Simplicity is another key benefit of Microsoft-based serverless networks.
For one, you’re dealing with a single vendor, instead of multiple ones. As Microsoft explains here, Office 365 “includes a free subscription to Azure AD.”
But the simplicity principle also encompasses how your users provide credentials.
In business technology, there’s a username and password for everything. There’s an email password, six application passwords, an intranet password…you get the point.
The beauty of Microsoft-based serverless networking is that you’ll give your employees the advantage of a single sign-on.
Here’s what this looks like on Monday morning.
Your employee turns his computer on. The PC then asks the employee to enter his username and password to log in. Azure Active Directory ensures these are the only credentials your employee will need to provide for Microsoft-based applications.
No more logging in for Outlook, OneDrive, Excel, and other Microsoft software. And that means a more streamlined workflow for your team.
In a nutshell, Microsoft-based serverless networking makes accessing protected data simple and easy for your employees.
The benefits of serverless networks are clear. But this solution isn’t for everyone.
Not all organizations will desire to transition to the cloud for their networking components. Nor should they.
At Proactive IT, we realize that serverless networking is not ideal for companies relying on specific, resource-intensive systems (for instance, manufacturers who draw heavily on CAD technology). And this leads us to our next question…
What Are the Drawbacks of Serverless Networks?
Despite the advantages of serverless networks, there are downsides and drawbacks that deserve your attention.
I wouldn’t say the issues listed below are deal-breakers. However, they are factors you should consider before making a decision.
Loss of Control
Loss of control is a big issue with cloud computing. But when I say loss of control here, I’m talking about losing access to the data itself.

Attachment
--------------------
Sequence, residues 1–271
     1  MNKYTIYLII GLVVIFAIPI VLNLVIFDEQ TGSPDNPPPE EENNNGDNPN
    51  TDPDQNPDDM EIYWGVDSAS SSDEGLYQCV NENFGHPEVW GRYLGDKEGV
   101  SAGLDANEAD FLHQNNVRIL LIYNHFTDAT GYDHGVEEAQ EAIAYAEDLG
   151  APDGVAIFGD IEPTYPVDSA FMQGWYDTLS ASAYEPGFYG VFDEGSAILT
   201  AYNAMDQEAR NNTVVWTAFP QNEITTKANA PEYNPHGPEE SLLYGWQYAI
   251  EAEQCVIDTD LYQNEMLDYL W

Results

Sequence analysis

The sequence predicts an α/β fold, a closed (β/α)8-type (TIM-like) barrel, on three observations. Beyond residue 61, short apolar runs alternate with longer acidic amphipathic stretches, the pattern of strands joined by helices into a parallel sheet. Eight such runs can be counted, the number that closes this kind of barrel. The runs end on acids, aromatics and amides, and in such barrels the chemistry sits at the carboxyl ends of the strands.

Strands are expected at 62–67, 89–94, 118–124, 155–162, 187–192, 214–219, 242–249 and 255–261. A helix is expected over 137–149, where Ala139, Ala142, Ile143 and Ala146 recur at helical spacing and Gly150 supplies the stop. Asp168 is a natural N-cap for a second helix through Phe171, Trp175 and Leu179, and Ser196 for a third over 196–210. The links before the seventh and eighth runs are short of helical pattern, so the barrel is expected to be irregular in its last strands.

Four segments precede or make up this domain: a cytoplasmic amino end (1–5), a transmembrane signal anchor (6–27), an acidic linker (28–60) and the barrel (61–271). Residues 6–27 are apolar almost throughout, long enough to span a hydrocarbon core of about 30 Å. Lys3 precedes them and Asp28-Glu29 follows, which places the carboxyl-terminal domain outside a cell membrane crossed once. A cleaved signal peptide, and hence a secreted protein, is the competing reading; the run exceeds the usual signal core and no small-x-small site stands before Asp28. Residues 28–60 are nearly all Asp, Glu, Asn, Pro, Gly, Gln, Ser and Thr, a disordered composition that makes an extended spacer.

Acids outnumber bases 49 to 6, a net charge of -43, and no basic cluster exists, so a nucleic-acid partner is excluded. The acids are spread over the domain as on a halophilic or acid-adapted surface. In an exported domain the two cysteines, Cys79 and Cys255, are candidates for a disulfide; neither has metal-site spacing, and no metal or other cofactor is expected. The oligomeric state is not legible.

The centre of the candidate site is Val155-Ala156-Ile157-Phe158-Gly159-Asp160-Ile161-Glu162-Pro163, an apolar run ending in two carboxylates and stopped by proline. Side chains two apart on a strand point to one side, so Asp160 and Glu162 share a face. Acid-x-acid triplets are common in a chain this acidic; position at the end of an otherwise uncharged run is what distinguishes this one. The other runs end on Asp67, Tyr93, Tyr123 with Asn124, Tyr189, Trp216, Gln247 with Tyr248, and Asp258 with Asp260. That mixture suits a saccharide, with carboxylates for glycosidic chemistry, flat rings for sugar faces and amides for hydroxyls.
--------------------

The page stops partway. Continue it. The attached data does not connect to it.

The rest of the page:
Technically speaking, Microsoft can block you from your data. (If you’re unconvinced, check out our recent article about Salesforce.) That’s what happens when you trust another entity with your network or data.
Don’t ignore this reality when considering your options. In the case of Office 365, Proactive IT can help mitigate this risk with cloud backup technologies.
Let’s face it. Using Azure Active Directory means you’re placing even more responsibility into Microsoft’s hands. And entrusting your business operations to a single entity increases your exposure.
Ideally, you should back up your network with a third party. It isn’t likely that Microsoft will close its doors tomorrow. But should something catastrophic happen, you’ll still have access to your data.
Microsoft may be massive, but that doesn’t mean they’re immune to a serious hack.
Should a cybersecurity attack occur, you can’t pull the plug on your server. This is an especially important consideration for companies that have tight restrictions and data security concerns.
Unless you have locally stored copies of cloud data, a defunct internet connection is a big deal. If a thunderstorm takes down your internet, you’ve essentially lost access to everything. (This is a huge concern for cloud-hosted applications.)
Azure Active Directory isn’t exempt from this risk.
Once again, my advice is this: Don’t rely on a single provider. It’s best to have a backup internet connection should something happen.
Are Serverless Networks the Wave of the Future?
Whether you decide to leverage serverless networks or determine they aren’t for you, either choice is a valid option.
But I will say this: Serverless networking isn’t just another technological option in IT.
It’s the wave of the future.